What is the computer of the future?

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Offline thedoc

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What is the computer of the future?
« on: 31/10/2013 19:58:51 »
International computer giant IBM has unveiled its vision for a "supercomputer in a sugarcube" powered by electronic blood...

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« Last Edit: 31/10/2013 19:58:51 by _system »


Offline woolyhead

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Re: What is the computer of the future?
« Reply #1 on: 02/11/2013 19:26:56 »
Nobody really knows the future but I think that computers will be required to operate at least as well as human brains work. At present we don't know how the intelligence structure works or the mechanisms involved to allow us to solve certain kinds of problems and so our intelligence cannot yet be pinned down to a mechanistic process. However, it is known that inside the neurons there are microtubules which contain very special type of pure water which may act so as to insulate the wavefunctions of quantum electrons, thus preserving their wavefunctions. The idea is that before every neuron signal occurs there are vast numbers of quantum calculations going on, whose final output either fires the neuron or doesn't (binary fashion). But exactly how this quantum computing works is very much speculation. With quantum entanglement there are obviously very many more paths in the network than is suggested by the number of neuron interconnections alone. The best people to answer this question is probably the quantum-computer designers. Does any such person read this forum? Would they like to enlighten us?  However, bear in mind that even IBM doesn't know how intelligence is done, because if they did, we would have intelligent computers by now, wouldn't we. I know that some people will point out that the wavefunction above will be lost as the wavefunction comes into contact with the water molecules. Based on this objection I don't know how this quantum computer is supposed to work, but it was suggested in the first place by Professor Sir Roger Penrose after Frohlich's 1975 idea for the possibility of quantum coherence phenomena in biological systems. It requires that "for quantum coherence to occur, the energy of the biological drive must be high enough before any coherence could be comparable in size to the large-scale behaviour shown in superconductivity". Apparently "there already exists evidence of oscillations occuring at 10 exp 11Hz in such biological structures". Ref Shadows of the Mind, page 367, chapter on quantum coherence in biological systems. The book was first published in 1995 so it may well be out of date by now and further advances may well exist.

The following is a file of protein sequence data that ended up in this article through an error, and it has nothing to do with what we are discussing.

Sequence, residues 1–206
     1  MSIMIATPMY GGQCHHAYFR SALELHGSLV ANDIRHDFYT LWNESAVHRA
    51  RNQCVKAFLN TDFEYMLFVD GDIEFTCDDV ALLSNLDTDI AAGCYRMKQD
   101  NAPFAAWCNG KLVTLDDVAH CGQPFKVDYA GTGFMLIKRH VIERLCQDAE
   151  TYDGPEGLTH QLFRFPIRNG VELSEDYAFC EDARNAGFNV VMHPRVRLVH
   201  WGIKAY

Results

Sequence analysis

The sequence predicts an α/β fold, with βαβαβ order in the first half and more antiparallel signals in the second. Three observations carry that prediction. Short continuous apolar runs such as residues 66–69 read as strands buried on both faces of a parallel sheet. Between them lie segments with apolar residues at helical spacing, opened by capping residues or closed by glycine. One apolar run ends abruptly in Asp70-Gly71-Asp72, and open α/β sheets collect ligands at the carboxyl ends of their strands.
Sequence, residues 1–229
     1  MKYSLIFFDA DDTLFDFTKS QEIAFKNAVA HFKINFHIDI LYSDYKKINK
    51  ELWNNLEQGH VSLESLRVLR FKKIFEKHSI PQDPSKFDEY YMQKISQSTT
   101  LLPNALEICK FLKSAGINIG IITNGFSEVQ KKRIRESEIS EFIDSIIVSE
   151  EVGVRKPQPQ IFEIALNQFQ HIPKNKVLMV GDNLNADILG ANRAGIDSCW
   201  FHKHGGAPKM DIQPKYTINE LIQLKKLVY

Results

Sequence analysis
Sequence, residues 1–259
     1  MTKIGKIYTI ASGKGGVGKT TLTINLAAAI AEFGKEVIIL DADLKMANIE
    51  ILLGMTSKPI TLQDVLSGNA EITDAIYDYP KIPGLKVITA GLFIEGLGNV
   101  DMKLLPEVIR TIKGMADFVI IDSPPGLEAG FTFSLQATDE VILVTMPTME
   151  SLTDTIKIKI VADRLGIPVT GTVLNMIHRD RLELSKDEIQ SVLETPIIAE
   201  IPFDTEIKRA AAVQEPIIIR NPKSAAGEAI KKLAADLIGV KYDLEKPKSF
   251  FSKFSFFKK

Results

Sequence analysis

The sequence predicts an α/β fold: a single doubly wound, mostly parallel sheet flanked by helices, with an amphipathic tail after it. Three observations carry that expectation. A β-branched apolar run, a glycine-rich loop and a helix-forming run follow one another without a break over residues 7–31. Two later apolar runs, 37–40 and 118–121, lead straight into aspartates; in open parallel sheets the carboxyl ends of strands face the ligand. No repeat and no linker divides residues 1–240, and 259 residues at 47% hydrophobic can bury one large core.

« Last Edit: 03/11/2013 18:19:23 by woolyhead »